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Narrow artificial intelligence (AI) refers to AI systems that are designed and trained to perform a specific task, such as playing chess, driving a car, answering customer service queries or detecting spam emails. In contrast, general artificial intelligence (AGI) describes a hypothetical AI system that demonstrates human-level intelligence and mental flexibility across a broad range of cognitive tasks and environments. Such a system does not currently exist.

Narrow AI is also known as weak AI, specific AI or single-task AI. These systems are focused on narrowly defined tasks and they are not designed to be flexible or adaptable. They are programmed to perform predetermined functions and do not have a general understanding of the world or the capability to transfer their knowledge to new problem domains. Examples of narrow AI include algorithms developed for image recognition, machine translation, self-driving vehicles and conversational assistants like Siri or Alexa. These systems excel at their specialized functions but lack the broader general reasoning abilities of humans.

Narrow AI systems are created using techniques of artificial intelligence like machine learning, deep learning or computer vision. They are given vast amounts of example inputs to learn from, known as training data, which helps them perform their designated tasks with increasing accuracy. Their capabilities are limited to what they have been explicitly programmed or trained for. They do not have a general, robust understanding of language, common sense reasoning or contextual pragmatics like humans do. If the input or environment changes in unexpected ways, their performance can deteriorate rapidly since they lack flexibility.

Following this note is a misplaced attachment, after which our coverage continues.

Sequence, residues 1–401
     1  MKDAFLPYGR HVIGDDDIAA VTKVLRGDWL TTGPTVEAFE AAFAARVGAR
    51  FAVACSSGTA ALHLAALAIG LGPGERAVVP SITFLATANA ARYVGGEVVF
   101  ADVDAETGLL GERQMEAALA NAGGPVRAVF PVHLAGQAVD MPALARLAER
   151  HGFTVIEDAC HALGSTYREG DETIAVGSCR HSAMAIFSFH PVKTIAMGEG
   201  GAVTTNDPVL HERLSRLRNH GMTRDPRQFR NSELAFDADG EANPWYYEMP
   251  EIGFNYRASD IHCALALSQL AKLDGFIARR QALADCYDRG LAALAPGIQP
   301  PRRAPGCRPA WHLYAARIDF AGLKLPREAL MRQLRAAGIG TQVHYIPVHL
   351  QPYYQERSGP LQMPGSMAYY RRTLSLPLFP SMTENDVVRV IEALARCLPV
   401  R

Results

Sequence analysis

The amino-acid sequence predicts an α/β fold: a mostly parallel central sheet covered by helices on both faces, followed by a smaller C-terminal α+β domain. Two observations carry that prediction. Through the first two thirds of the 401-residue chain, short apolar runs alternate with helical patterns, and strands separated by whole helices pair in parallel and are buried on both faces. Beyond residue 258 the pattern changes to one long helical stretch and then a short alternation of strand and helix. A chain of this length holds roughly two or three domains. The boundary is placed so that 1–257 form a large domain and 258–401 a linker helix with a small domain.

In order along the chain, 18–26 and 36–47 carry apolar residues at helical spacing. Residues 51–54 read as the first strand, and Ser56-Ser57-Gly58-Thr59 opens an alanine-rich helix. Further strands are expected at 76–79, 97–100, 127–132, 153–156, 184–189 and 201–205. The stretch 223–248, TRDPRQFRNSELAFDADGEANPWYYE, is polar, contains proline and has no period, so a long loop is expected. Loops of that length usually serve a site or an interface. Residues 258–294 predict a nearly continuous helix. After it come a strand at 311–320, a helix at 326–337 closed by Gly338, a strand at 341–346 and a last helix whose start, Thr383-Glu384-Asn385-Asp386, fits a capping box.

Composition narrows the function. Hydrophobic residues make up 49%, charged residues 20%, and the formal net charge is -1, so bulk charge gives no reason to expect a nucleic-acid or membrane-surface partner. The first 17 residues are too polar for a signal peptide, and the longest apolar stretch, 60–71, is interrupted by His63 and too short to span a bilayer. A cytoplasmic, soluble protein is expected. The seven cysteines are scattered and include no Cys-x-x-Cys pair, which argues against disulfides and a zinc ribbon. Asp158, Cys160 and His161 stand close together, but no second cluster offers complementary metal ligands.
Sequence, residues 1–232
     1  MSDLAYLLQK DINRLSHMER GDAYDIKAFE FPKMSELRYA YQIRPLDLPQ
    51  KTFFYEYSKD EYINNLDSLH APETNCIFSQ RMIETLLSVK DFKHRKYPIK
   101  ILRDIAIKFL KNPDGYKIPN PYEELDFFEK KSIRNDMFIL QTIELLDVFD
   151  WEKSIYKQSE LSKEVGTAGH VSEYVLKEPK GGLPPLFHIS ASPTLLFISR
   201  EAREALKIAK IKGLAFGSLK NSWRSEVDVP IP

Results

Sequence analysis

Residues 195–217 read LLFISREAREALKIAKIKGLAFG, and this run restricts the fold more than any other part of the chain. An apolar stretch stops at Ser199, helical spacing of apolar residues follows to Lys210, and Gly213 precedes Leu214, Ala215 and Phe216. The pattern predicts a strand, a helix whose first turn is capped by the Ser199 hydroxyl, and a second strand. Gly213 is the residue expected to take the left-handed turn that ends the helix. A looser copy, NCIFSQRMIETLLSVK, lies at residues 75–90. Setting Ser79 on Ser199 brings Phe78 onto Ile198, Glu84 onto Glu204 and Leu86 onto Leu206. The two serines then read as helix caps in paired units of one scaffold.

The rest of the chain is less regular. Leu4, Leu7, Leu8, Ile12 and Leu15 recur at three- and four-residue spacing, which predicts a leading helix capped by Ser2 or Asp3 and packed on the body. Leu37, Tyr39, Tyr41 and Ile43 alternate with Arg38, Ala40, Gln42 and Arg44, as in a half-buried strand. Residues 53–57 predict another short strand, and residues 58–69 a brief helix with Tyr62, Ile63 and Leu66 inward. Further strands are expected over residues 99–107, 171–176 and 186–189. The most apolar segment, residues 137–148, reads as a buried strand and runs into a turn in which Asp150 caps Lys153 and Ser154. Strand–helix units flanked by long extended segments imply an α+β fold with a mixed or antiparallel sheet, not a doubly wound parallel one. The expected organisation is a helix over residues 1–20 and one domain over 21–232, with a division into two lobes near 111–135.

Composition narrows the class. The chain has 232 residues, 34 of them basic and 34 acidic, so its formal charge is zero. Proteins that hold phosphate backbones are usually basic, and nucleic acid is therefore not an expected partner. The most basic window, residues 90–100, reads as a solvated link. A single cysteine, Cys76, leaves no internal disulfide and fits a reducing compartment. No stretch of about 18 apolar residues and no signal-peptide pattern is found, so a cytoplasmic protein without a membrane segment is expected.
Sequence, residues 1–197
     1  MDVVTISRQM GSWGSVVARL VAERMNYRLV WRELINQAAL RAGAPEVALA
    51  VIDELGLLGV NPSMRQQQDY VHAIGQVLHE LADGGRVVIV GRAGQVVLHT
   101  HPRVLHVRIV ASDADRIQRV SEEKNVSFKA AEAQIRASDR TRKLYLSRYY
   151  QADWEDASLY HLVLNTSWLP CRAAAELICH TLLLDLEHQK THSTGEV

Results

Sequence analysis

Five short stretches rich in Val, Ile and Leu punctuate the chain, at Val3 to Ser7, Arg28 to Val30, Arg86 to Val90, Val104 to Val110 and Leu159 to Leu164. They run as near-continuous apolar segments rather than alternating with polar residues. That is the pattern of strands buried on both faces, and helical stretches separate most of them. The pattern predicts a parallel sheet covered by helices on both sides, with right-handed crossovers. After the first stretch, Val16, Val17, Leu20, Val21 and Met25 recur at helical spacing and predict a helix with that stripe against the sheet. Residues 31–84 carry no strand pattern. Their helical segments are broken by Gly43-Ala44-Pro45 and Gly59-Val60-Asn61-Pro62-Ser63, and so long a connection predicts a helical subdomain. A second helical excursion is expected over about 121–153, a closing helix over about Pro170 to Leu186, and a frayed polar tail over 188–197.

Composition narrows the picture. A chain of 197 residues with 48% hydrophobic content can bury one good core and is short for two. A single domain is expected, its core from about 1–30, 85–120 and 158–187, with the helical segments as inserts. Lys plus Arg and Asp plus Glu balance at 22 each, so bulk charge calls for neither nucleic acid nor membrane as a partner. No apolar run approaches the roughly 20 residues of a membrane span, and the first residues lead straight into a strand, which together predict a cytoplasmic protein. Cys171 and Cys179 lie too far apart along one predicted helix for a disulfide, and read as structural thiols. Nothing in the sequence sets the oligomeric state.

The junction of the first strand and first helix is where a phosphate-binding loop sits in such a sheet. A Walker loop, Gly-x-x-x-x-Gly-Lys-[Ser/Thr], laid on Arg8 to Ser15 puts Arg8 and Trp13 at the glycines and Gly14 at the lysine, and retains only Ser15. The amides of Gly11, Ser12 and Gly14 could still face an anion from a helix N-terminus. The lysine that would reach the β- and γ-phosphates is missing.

Some key characteristics of narrow AI systems include:

They are focused on a narrow, well-defined task like classification, prediction or optimization.

Their intelligence is limited to the specific problem domain they were created for.

They lack general problem-solving skills and an understanding of abstract concepts.

Reprising the same task in a new context or domain beyond their training scope is challenging.

They have little to no capability of self-modification or learning new skills independently without reprogramming.

Their behavior is limited to what their creators explicitly specified during development.

General artificial intelligence, on the other hand, aims to develop systems that can perform any intellectual task that a human can. A true AGI would have a wide range of mental abilities such as natural language processing, common sense reasoning, strategic planning, situational adaptation and the capability to autonomously acquire new skills through self-learning. Some key hypothetical properties of such a system include:

It would have human-level intelligence across diverse domains rather than being narrow in scope.

Its core algorithms and training methodology would allow continuous open-ended learning from both structured and unstructured data, much like human learning.

It would demonstrate understanding, not just performance, and be capable of knowledge representation, inference and abstract thought.

It could transfer or generalize its skills and problem-solving approaches to entirely new situations, analogous to human creativity and flexibility.

Self-awareness and consciousness may emerge from sufficiently advanced general reasoning capabilities.

Capable of human-level communication through natural language dialogue rather than predefined responses.